Inuit Art Quarterly
Gukki Nuka Møller
This mixture of two strong markers of Greenlandic identity—the perlekrave and the tupilaat—with modern and stringent elements of contemporary Scandinavian design transforms all three.
In ancient Greenlandic mythology a tupilak is a monster conjured by a shaman and made of found objects and animal parts such as hair, bone, skin, sinew and tusk. Its sole purpose, once animated, is to seek revenge on behalf of its maker. Entangling yourself in the magic of the tupilak is risky business, though; if the target of the maker’s revenge also knows magic, they might boomerang the tupilak back on its sender, with potentially deadly consequences.
Danes came to Eastern Greenland late in the nineteenth century with Gustav Holm’s Umiak Expedition. Intrigued by Inuit stories of the tupilak, Holm and his crew sought a visualization of this mostly invisible and introverted creature. A visual manifestation gradually took place when Greenlanders began carving interpretations of the creature, which those early European visitors took home. Today’s modern tupilak is a figure with sinister, sarcastic or shady characteristics made of narwhal and walrus tusk or reindeer antler. However, the tupilak has become civilized and now is mostly a souvenir item decorating peoples’ homes, divorced from its shamanistic, vengeful origins.
Despite this colonial taming of the tupilak, the creature continues to play an important role in Greenlandic culture. Today, it represents the ancient Inuit modes of oral storytelling and ties into an enduring idea that there is more to life than what we view. To acknowledge the tupilak’s lasting importance in contemporary Greenlandic art and culture, in 2018 Nuuk Art Museum opened an exhibition titled Tupilappassuit, which means many tupilaat (plural for tupilak) in Kalaallisut.
Greenlandic artist Gukki Nuka Møller was featured in this exhibition with his piece
Kaalaralaaq, (c. 2009), a piece that intricately illustrates the tupilak’s—and Greenland’s— transformed post-colonial identity by mixing symbols of traditional Greenlandic culture with elements of contemporary Scandinavian design.
Kaalaralaaq is named for Møller’s grandmother, herself a likely witness to the colonial era and its transformations. It is a collar of ceramic tupilaat figurines draped over a narrow-necked vase; he describes the piece as a perlekrave, tying the piece to the traditional Greenlandic women’s dress. The traditional perlekrave is the colourful, beaded collar traditionally worn by Greenlandic women, and is typically the most eye-catching part of traditional dress as it is placed on shoulders not unlike a crown.
This mixture of two strong markers of Greenlandic identity—the perlekrave and the tupilaat—with modern and stringent elements of contemporary Scandinavian design transforms all three. Replacing the beads of the national costume, the tupilaat here are more ornamental than vengeful. Whatever evil qualities they had, they’ve been transformed by Møller into love and affection for his grandmother and Greenlandic culture by being woven into a perlekrave-like pattern. Considering the artist’s own travels and displacement— a Greenlandic artist trained in Canada, residing in Denmark—I like to view Møller’s piece as displaying a love for Greenland and as a token of appreciation for the identity symbols from which we measure ourselves.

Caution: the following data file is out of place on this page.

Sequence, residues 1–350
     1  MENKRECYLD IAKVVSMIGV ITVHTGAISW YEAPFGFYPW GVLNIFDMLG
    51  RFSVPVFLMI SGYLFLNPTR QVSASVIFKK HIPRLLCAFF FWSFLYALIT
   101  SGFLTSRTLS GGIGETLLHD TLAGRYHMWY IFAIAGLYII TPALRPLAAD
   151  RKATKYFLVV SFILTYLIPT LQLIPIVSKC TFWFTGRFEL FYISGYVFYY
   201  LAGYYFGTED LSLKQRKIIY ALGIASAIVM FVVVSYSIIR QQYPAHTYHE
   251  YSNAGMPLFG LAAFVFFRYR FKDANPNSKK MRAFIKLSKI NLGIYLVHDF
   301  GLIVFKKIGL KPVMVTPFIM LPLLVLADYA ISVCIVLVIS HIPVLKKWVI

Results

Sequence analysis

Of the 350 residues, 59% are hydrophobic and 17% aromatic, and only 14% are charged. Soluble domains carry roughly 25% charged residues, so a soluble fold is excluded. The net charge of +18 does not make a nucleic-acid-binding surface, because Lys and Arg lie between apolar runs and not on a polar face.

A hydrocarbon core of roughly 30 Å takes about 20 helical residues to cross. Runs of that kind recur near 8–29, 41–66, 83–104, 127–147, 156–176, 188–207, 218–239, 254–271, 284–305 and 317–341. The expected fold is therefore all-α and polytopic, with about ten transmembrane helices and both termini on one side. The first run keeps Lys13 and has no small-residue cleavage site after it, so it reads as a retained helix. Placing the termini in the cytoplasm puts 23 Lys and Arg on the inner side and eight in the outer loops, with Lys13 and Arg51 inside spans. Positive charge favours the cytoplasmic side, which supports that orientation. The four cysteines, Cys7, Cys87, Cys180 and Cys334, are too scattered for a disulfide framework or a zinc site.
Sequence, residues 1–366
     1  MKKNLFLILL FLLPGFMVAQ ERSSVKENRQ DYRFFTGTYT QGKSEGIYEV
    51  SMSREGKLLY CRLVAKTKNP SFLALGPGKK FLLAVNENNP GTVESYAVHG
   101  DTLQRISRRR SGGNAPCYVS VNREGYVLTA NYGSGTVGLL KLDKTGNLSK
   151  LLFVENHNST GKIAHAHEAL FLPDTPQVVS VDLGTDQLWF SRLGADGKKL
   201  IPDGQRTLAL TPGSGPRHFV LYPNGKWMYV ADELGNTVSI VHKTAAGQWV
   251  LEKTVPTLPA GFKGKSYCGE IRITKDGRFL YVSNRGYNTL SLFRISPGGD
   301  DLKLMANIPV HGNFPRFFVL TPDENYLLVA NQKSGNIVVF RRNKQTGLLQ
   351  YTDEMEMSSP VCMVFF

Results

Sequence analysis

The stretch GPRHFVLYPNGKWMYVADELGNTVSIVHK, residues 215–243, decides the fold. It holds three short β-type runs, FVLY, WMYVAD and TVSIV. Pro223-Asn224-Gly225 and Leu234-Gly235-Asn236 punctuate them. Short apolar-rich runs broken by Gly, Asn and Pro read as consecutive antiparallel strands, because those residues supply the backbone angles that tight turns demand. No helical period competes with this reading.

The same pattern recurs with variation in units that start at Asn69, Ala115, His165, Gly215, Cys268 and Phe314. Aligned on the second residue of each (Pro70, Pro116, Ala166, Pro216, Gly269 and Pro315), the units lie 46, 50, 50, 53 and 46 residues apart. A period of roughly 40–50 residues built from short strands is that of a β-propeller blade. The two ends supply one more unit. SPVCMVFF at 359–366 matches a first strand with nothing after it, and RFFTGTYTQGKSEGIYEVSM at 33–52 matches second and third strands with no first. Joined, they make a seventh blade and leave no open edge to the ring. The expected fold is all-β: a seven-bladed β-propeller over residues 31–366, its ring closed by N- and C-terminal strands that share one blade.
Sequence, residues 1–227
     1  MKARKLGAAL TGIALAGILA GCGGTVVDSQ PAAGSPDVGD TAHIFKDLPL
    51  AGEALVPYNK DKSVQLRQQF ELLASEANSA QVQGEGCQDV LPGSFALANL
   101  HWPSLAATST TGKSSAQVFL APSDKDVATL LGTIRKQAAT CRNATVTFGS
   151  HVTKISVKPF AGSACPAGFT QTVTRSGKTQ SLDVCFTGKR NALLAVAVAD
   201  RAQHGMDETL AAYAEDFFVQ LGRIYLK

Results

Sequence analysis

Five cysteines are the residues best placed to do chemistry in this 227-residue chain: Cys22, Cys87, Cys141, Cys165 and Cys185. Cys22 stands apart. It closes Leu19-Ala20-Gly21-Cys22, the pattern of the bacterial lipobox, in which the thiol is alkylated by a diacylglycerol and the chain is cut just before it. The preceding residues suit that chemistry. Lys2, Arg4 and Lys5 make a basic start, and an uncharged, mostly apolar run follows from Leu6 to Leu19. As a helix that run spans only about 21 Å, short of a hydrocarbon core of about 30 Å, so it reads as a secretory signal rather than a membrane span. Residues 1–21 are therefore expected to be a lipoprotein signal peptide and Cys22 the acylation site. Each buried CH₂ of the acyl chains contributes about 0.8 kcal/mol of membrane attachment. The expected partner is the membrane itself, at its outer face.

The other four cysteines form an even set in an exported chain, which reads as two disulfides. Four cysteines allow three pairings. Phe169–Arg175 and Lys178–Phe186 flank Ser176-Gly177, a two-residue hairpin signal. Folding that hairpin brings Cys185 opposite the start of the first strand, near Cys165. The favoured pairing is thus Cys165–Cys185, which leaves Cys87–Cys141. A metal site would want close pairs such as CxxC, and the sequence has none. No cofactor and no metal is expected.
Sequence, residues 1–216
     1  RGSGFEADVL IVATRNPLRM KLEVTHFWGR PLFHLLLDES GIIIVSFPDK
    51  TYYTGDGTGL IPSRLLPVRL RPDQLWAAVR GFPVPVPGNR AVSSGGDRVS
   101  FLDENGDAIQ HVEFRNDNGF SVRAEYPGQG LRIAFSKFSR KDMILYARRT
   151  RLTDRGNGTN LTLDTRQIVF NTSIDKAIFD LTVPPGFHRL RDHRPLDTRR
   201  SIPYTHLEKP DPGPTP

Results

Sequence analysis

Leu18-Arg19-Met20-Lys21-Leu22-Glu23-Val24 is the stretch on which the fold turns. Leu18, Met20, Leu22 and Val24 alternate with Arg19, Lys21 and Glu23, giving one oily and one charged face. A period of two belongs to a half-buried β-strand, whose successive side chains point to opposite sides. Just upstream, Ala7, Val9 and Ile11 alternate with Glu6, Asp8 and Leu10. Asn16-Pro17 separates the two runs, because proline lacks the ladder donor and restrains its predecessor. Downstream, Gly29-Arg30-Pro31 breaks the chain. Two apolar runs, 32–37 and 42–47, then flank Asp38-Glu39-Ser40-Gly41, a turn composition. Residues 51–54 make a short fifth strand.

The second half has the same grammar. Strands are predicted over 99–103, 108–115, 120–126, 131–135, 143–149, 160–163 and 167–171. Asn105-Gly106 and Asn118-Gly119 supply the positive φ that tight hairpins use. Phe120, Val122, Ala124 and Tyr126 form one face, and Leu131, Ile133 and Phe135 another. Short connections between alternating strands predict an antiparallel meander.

Further complicating this nexus of modern/traditional and Greenlandic/ European is Møller’s use of ceramics, which sits outside the expected roster of materials in Greenland. Contemporary art in Greenland originates from traditional handicraft and is centred around carving (steatite, granite, tusk, bone, antler for example). It is complemented with drawings, prints and paintings and later again accompanied by photography, video installation and modern means of expressions. In Greenland, there is a strong tradition of storytelling within the performing ar ts such as music, singing and acting. Ceramics in Greenland have traditionally been used for cups, bowls and plates, but is not a widely used medium for art. Møller is the first artist who has combined and perfected the use of ceramics as an aesthetic art form in the Greenlandic art scene.
The duality of his Greenlandic and Danish identity is a central focus in much of his work. Through the mixing of traditional forms, modern designs and novel materials,
Kaalaralaaq embodies the Greenlandic-Danish common history in an artistic narrative of its own. It also represents Danish and Greenlandic cultures bound together by colonial history since 1721 when the Danish/Norwegian missionary expedition came to Greenland.
Nauja Bianco is an independent advisor, freelance journalist, communicator, facilitator and diplomat. She is a native Greenlander and a Danish citizen born and raised in the capital of Nuuk and is the Founder and Director of Isuma Consulting.